African American Museum & Library at Oakland
Branch Address659 14th Street
Oakland, CA 94612
About the African American Museum & Library at Oakland
The African American Museum and Library at Oakland is dedicated to the discovery, preservation, interpretation and sharing of historical and cultural experiences of African Americans in California and the West for present and future generations.
AAMLO's archival collection is a unique resource on the history of African Americans in Northern California and the Bay Area. The archives includes over 160 collections documenting prominent families, pioneers, churches, social and political organizations. Finding aids are available in the Online Archive of California and digitized items in Calisphere. Freedom's Journal, the Liberator, California Voice, Sun Reporter, Muhammed Speakers, and the Black Panther newspapers are available on microfilm.
Using AAMLO's oral history collection, researchers can listen to interviews with local civil rights activists, educators, writers, and musicians. AAMLO is home to the Eternal Voices video library containing more than 80 years of African American East Bay history and Susheel Bibb's Meet Mary Pleasant DVD (scholarly interviews, key issues and documents).
The microfilm collection includes primary research information on African American enslavement, military service, California census records 1910-1930, Marcus Garvey's Universal Negro Improvement Association, W.E.B. Dubois, Benjamin Banneker, Mary Church Terrell, Paul Robeson and others. The archives department is open from 12-4. To make an appointment call (510) 637-0198.
AAMLO has a unique non-circulating reference library, a jewel for researchers, students, and anyone interested in African American history. Its collection consists of approximately 12,000 volumes by or about African Americans. Among its many subjects are books on religion, the military, Martin Luther King, Jr., Malcom X, the Black Panther Party, Africa in relationship to the African-American experience, genealogy, and California history.
A collection of children's books highlights award-winning titles. Patrons can access on-line databases or thumb through James de T. Abajian's Blacks in Selected Newspapers, Censuses and Other Sources.
One recent acquisition is the new eight-volume set African American National Biography, containing over 4,000 entries written by distinguished scholars and edited by Henry Louis Gates. The reference library offers access to local and out of state newspapers, scholarly journals, and six computers with word processing and Internet access.
The library owns about 400 videos and DVDs which can be viewed on-site. Library staff are available to assist with research questions, or browsing and enjoyment of the collection.
AAMLO also has a Seed Lending Library. Anyone is welcome to come in and check-out seeds. No library card is needed. We ask that you sign out for the seeds, then let some plants go to seed and return some of these next generation seeds for others to borrow.
The second floor museum regularly hosts traveling and original exhibitions that highlight the art, history and culture of African Americans.
In 1946, Eugene and Ruth Lasartemay and Jesse and Dr. Marcella Ford began collecting the oral histories and artifacts that documented the activities of African Americans in and around Oakland, the Bay Area, and California. On July 2, 1965, the organization officially became the East Bay Negro Historical Society (EBNHS). As their efforts continued, the founders needed to find a larger space for the growing collection. In 1970, the EBNHS moved to a storefront located at 3651 Grove Street.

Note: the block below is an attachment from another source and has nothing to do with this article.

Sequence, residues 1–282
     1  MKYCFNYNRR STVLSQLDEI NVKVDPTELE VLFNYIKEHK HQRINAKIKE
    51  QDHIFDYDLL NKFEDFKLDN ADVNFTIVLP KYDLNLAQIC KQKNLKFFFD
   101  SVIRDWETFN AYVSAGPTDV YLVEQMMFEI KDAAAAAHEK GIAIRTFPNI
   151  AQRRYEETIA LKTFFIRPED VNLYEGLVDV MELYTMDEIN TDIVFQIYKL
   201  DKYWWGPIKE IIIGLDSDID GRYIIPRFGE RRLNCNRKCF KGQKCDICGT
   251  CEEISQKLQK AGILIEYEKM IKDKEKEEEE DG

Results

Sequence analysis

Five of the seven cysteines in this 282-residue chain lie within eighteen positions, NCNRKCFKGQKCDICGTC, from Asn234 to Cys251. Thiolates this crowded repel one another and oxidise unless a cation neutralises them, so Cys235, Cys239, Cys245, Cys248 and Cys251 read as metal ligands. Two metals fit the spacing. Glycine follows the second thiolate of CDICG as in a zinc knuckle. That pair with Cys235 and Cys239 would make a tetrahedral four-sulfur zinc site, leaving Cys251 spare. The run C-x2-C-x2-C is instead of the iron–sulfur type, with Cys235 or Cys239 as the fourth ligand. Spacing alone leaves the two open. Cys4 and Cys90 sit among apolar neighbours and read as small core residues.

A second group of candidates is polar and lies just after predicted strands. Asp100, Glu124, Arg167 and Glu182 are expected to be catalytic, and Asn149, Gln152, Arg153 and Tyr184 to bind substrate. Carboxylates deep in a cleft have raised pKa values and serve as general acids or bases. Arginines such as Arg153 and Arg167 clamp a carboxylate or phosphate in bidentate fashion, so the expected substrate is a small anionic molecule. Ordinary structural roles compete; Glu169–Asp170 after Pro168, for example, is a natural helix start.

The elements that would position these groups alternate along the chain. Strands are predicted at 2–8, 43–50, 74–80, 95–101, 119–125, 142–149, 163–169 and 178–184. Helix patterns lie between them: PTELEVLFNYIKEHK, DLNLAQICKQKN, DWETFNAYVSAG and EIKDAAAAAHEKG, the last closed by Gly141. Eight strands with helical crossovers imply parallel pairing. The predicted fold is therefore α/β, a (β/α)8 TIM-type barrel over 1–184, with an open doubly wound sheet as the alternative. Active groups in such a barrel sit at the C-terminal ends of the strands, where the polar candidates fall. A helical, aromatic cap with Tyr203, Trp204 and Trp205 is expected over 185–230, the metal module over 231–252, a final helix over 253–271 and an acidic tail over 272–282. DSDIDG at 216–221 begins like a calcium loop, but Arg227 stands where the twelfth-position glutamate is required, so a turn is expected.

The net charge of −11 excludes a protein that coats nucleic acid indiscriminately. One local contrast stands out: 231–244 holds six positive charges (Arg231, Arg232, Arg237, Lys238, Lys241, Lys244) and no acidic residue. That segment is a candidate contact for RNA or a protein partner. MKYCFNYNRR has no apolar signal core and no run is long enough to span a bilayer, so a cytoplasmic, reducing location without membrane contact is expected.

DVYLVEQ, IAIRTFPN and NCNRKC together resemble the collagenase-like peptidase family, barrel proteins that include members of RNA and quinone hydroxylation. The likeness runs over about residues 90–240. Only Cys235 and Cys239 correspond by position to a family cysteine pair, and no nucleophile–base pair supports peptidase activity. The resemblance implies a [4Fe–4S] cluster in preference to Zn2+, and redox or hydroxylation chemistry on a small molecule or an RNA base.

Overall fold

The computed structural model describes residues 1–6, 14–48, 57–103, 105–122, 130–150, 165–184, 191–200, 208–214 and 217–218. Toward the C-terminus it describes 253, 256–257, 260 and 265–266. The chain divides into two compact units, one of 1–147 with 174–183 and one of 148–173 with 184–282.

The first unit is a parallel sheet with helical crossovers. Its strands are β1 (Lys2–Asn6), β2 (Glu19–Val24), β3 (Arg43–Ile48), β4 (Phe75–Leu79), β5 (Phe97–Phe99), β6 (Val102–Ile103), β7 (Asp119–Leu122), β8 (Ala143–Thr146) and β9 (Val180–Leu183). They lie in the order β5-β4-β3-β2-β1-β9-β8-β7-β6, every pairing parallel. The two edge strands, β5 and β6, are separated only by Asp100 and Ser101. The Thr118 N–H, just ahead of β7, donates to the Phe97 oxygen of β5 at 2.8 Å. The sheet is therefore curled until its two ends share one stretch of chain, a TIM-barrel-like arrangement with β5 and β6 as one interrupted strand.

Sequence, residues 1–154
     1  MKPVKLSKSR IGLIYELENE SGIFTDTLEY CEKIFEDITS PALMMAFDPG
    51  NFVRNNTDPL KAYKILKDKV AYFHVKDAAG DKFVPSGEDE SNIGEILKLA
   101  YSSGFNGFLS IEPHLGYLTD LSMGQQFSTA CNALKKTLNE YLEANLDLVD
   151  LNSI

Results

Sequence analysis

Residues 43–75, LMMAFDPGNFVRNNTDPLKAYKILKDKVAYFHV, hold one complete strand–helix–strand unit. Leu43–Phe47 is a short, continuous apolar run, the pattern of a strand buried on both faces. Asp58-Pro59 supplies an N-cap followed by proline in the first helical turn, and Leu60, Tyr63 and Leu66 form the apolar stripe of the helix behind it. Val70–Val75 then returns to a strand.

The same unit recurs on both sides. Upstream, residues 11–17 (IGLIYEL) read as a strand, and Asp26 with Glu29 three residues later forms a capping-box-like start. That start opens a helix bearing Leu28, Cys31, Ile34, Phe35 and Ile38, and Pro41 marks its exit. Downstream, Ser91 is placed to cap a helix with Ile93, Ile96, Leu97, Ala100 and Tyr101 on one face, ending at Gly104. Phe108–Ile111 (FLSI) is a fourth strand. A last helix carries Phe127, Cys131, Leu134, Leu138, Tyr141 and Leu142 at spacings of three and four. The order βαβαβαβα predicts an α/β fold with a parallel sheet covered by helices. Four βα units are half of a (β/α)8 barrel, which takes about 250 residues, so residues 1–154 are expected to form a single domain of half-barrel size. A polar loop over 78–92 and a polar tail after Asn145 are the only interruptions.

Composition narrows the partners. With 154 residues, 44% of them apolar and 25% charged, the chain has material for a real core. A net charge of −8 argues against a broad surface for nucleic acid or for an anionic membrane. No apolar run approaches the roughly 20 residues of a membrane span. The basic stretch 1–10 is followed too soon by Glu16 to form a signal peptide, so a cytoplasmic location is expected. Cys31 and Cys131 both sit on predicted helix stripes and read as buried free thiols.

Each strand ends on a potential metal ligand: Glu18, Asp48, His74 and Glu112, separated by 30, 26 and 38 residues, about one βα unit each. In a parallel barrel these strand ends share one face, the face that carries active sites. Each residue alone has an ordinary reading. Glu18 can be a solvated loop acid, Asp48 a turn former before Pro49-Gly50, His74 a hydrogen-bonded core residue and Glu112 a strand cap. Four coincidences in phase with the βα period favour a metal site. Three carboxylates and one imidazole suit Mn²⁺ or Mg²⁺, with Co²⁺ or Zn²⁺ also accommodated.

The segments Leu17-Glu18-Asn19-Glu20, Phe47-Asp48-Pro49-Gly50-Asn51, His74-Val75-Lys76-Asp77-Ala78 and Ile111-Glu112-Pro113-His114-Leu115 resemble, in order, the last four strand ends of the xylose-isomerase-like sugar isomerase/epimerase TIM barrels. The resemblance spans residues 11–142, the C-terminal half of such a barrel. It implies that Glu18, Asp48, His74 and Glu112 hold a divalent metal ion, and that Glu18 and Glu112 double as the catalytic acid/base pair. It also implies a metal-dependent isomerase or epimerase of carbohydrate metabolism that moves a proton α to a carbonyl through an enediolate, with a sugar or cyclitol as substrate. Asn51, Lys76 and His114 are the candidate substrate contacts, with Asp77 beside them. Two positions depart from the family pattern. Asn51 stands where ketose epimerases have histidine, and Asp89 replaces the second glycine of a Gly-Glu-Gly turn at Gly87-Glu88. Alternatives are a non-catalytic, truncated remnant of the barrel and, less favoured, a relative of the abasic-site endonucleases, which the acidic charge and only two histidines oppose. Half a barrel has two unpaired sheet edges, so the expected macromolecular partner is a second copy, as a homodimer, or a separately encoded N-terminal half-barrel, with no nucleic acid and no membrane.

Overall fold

In 1976, it moved to 4519 Grove, where it operated a museum and library. In 1982, the EBNHS was invited into the Golden Gate Branch of the Oakland Public Library, making it the first Oakland city library with a predominantly African American focused collection. The assistance of Mayor Lionel Wilson, Assemblyman Elihu Harris, and other helped the organization establish a solid foundation in their new home. Following the appointment of Dr. Lawrence Crouchett as its executive director in 1988, the organization changed its name to the Northern California Center for Afro-American History & Life (NCCAAHL).
In 1994, the City of Oakland and the NCCAAHL merged to create the African American Museum & Library at Oakland (AAMLO). This unique public/private partnership entered a historic juncture with the opening of AAMLO in February 2002. Located at 659 14th Street, AAMLO is housed in the former Charles S. Greene library, an historic 1902 Carnegie building.
A special thank you to Jeff Norman for providing valuable information on the history of the East Bay Negro Historical Society.
Currently on Exhibit
America’s portrayal of African Americans in games and toys over the past century had experienced at least three distinct evolutionary phases that are reflected in America’s changing race relations. While images of other ethnic groups tended to soften over the years, derogatory African American imagery was common in American games as recently as the 1940s. Our exhibition takes a brief look at the phenomenon based on items that have been donated to its collection. It provides the answer to the question. The answer is absolutely nothing, but we had everything to do with beating back the one hundred years long racist onslaught against our humanity and historical significance. In the lasting words of Fats Waller's famous song, “My only sin is the skin I’m in.”
On Display FromTue, 09/15/2015 - Thu, 10/15/2015
|Let's Talk Education with Oscar C. Wright||2:00pm|
|The Sentence Unseen: Celebrating Resilience - Opening Reception||5:30pm|
|Festival of Black Dolls||10:00am|